Please use this identifier to cite or link to this item: http://buratest.brunel.ac.uk/handle/2438/7637
Title: Family play-learning through informal education: Make and play activities with traditional Thai toy activities at a science museum
Authors: Kanhadilok, Peeranut
Advisors: Watts, DM
Zwozdiak-Myers, P
Keywords: Family play-learning;Informal education;Make and play activity;Traditional Thai toy activity;Science museum
Issue Date: 2013
Publisher: Brunel University School of Sport and Education PhD Theses
Abstract: This thesis charts the outcomes of family play-learning through make-and-play activities with traditional Thai toys activities (TTTA). Family learning is a component of inter-generational learning, and the research explores this through ‘edutainment’ activities within the informal educational system of a science museum. The thesis also identifies key factors that influence family play-learning through TTTA and explores the nature and impact of traditional Thai culture, local wisdom and Western modern science after participation with the TTTA. Participants in the toy-making activities at the National Science Museum, Thailand are members of the general public, day visitors to the museum who volunteer to join the activities, and represent all age groups. They also have varied levels of educational achievement, backgrounds in science and dispositions towards play. The research follows 93 families, including children, teenagers and adults, a total of 179 participants. Participants’ dispositions towards play are collected through self-reporting questionnaires based upon Barnett's (2006) work on playfulness; data on their individual and group actions have been collected in terms of their levels of enjoyment and engagement with the tasks, and learning outcomes. The data from structured routine observation indicates that, within the make-and-play activities, there is a two-way transfer of learning from older to younger, and from younger to older. The analysis of family learning is based upon Bandura’s (2005) social cognitive theories, used here in relation to informal museum education. Family play-learning is seen as significant, where more experienced members of the family transfer their knowledge and role-model skills to their children or younger members of the family. There is also an upward transfer where discerning youth model the fun and creativity they bring to the tasks. The Toy Learning Outcomes Questionnaire (TLOQ) has been used to study families’ learning outcomes from the TTTA with 51 families composed of 125 participants in total. The TLOQ is based upon work of the Research Centre of Museums and Galleries at the University of Leicester (Hooper-Greenhill, 2007), and uses a four-point Likert-style scale to explore seven areas of interest: (i) knowledge and understanding; (ii) skills; (iii) attitudes and values; (vi) enjoyment, inspiration and creativity; (v) action, behaviour and progression; (vi) scientific learning, and (vii) attitude towards Thai local wisdom. The findings show that families appear to have learned most in relation to two of these areas, ‘scientific knowledge’ and ‘Thai local wisdom’, when compared with the other areas. Data from semi-structured ‘exit interviews’ at the end of the activities, explore this clash of cultures, between Western modern science (WMS) and Thai local wisdom (TLW). This allows for a discussion of the integration of knowledge systems versus distinctive and separate fields. Findings from the interview data indicate that participants treat the TTTA, and work of the museum generally, bi-gnosically: they had positive yet parallel attitudes towards both domains of knowledge. The overall outcomes of this body of work indicate two main factors that encourage family play-learning: (i) the context of the play, which emphasises participants’ personal engagement, social relationships, and the physical setting (the environment and resources in the TTTA); and (ii) the conditions to play, playfulness of the participants and the opportunities they take to learn together through play. The thesis concludes with the implications of this work and recommendations for further research.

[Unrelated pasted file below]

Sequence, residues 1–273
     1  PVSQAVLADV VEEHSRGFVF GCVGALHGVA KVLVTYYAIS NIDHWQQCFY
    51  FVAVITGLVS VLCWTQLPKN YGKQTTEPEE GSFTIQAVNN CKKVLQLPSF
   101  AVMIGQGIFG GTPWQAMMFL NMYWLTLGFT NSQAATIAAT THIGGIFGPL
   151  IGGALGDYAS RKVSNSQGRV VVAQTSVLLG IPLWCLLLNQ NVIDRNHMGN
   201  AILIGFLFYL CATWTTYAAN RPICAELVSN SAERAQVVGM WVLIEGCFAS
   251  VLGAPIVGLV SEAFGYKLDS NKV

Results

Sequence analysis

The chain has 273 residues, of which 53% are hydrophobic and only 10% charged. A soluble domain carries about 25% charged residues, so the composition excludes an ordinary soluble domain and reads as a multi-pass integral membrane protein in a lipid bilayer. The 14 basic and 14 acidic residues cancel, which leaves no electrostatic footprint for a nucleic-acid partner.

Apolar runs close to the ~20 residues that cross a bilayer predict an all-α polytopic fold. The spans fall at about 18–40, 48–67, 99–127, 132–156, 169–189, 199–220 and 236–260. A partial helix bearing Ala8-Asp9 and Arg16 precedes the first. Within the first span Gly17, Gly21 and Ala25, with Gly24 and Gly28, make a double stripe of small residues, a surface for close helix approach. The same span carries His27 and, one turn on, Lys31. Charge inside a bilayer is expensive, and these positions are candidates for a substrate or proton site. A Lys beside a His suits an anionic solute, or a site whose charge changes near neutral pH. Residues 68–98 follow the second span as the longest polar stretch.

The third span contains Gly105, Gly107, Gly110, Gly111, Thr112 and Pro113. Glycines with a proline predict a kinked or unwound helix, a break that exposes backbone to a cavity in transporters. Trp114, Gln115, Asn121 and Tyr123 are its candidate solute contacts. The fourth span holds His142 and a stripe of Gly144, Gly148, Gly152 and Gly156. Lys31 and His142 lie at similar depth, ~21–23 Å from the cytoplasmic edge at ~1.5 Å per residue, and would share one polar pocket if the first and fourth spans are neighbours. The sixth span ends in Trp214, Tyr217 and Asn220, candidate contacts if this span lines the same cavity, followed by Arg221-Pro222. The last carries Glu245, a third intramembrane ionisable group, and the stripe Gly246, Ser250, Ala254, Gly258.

Description: This thesis was submitted for the degree of Doctor of Philosophy and awarded by Brunel University
URI: http://bura.brunel.ac.uk/handle/2438/7637
Appears in Collections:Education
Dept of Education Theses

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